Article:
Shahira Hammad is an architect who graduated from Arab Academy for Science and Technology, Alexandria, Egypt, and then she followed her studies with a master degree from Institute of Architecture, University of Applied Arts, Vienna. Shahira’s work usually inspired from both Nature and Social Culture. Find more about her thesis project below.
Project Description From the Architect:
This project represents my thesis for the “Excessive” Post-Graduate program at the University of Applied Arts in Vienna, 2012. We were asked to envision a new train station for Vienna, one that would either modify or replace the existing Westbahnhof train station.
I chose to keep the existing building, but to contaminate it with structures that would express a complexity that now is missing. My intervention was inspired both from Nature and Culture, and beyond its polemical characteristics it does intend to bring back what in science is called: Spontaneous Order. This is not disorder in the common sense, although it could have this appearance.
It is, evidently, a reaction against excessive rationalism and rationalizations. Yes, it is excessive, but essentially it tries nothing else but to bring the complexities present in Nature into the urban fabric. In a way my “project” is not really a “project,” since I let what I envisioned come into being “naturally,” almost by itself, expressing not only outer realities, but also inner ones. We could say that maybe this is an Epimethean work, as opposed to being Promethean, that is, a work in which thought comes afterwards… so the relationship between cause and effect is circular, not linear.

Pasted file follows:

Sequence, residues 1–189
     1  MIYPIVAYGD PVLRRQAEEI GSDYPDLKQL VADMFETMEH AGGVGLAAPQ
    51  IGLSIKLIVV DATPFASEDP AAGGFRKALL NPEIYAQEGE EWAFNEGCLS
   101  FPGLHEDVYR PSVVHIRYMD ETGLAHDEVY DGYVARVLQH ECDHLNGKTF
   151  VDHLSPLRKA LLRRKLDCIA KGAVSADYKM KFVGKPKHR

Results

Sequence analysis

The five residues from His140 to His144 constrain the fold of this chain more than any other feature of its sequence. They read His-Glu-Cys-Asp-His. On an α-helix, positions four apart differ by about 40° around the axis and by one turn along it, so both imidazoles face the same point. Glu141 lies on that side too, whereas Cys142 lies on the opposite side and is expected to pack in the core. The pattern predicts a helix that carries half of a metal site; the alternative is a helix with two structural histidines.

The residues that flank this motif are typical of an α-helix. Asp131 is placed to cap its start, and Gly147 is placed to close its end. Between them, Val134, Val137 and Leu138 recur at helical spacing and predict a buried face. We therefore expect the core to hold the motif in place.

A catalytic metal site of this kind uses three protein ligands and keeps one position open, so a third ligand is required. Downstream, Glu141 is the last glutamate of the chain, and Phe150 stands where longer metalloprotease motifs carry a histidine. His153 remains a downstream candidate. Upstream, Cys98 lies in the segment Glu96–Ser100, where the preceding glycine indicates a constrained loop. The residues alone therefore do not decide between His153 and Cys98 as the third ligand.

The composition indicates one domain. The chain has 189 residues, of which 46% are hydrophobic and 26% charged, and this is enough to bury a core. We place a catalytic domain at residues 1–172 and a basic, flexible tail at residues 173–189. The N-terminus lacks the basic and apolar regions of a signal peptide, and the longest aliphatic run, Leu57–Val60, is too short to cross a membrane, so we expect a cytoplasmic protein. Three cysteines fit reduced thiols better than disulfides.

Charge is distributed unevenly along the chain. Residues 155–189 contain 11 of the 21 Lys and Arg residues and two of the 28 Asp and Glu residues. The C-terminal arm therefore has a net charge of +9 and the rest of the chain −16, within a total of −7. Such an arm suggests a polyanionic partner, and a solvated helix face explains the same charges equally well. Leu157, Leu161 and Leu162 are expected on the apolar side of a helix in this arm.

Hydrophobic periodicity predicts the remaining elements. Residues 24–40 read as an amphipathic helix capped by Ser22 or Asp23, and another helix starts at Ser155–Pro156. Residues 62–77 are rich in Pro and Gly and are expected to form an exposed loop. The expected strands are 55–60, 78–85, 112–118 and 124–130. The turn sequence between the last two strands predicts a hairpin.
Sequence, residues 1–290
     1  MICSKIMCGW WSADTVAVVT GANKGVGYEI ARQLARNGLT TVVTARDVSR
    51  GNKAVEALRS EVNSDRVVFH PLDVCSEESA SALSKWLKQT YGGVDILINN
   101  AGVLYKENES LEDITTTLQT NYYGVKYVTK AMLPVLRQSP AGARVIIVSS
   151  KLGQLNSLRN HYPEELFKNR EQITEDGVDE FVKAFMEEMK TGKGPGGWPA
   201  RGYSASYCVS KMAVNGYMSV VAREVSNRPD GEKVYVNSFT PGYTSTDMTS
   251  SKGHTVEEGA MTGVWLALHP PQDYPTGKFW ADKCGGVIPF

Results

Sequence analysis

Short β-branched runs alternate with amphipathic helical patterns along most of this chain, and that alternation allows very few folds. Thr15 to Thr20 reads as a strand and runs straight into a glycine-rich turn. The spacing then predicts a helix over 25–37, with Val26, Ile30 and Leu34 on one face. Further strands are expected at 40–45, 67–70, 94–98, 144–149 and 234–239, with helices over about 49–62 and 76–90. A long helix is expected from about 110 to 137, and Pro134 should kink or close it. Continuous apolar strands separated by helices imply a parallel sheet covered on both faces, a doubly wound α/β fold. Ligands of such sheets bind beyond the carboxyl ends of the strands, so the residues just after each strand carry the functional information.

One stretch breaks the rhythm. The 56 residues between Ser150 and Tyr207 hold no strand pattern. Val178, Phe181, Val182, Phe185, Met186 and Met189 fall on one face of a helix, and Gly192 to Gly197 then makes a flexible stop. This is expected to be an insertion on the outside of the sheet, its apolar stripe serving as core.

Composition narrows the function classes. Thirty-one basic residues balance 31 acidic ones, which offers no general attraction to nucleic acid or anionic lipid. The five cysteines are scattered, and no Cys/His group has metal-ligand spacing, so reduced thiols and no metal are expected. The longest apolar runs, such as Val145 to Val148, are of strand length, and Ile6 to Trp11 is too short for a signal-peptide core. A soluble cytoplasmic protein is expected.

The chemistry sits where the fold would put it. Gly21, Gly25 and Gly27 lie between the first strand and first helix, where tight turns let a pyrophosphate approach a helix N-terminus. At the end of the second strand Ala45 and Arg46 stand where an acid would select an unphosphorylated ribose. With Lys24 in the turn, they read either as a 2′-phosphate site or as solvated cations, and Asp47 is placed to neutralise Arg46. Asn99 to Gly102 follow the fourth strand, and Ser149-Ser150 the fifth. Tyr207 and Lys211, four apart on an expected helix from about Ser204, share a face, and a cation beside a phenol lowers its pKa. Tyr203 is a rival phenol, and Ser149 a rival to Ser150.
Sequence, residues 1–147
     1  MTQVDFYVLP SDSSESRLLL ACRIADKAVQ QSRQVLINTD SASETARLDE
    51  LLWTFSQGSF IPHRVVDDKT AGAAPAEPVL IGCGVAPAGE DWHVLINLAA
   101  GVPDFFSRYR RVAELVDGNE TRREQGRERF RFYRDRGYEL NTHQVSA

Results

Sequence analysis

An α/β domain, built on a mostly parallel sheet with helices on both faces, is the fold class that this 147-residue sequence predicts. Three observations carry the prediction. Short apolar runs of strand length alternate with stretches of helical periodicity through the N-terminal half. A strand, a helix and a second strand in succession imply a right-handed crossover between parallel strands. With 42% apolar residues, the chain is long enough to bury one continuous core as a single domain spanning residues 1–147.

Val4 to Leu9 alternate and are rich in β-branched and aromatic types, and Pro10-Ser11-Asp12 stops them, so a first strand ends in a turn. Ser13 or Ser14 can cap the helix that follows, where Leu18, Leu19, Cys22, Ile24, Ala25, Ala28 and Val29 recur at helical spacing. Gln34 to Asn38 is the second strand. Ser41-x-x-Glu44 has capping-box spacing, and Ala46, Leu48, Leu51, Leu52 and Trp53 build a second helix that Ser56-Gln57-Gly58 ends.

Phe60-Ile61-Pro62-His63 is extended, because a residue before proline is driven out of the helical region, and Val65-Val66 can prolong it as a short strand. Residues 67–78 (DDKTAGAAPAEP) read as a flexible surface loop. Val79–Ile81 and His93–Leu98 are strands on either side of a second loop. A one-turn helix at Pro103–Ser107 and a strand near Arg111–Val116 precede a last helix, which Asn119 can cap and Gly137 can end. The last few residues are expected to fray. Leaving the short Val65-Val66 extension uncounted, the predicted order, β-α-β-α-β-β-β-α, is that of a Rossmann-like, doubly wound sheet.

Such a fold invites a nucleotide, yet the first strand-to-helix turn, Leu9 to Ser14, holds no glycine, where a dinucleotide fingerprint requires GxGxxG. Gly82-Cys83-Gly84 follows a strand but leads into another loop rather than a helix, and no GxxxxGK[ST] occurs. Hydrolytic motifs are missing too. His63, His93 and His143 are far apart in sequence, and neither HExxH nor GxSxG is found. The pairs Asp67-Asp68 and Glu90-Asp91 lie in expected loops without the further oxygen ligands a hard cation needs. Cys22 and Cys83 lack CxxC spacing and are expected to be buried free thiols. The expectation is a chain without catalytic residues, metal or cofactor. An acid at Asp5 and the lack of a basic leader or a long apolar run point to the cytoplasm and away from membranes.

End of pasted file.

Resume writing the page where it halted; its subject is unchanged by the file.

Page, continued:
All in all this is an architectural meditation on Time as well, since the structures I envisioned do reflect metamorphosis, the passage of Time, change, ephemerality and even decay… themes, again, neglected by conventional architectures. To what extent society would be open to live in such an architecture, I do not know. It is possible that there would be a resistance, since this is not a comfortable architecture. But I feel that true art, and maybe even architecture, should abstain from making too many concessions to comfort.Otherwise, how would the unexpected ever have a chance to emerge…?!
But the New is often also the Old… this is why, in a way, my work looks both towards the future and towards the past… Time is inherent in its physical manifestation, much as Time is present in the manifestations of Nature. I was hoping for a fusion of both, an alliance that all too often, at present, is neglected.
If chaos is deprived of its negative connotations maybe we will have again the chance to reach the positive aspects of what is called “spontaneous order.”
Courtesy of Shahira Hammad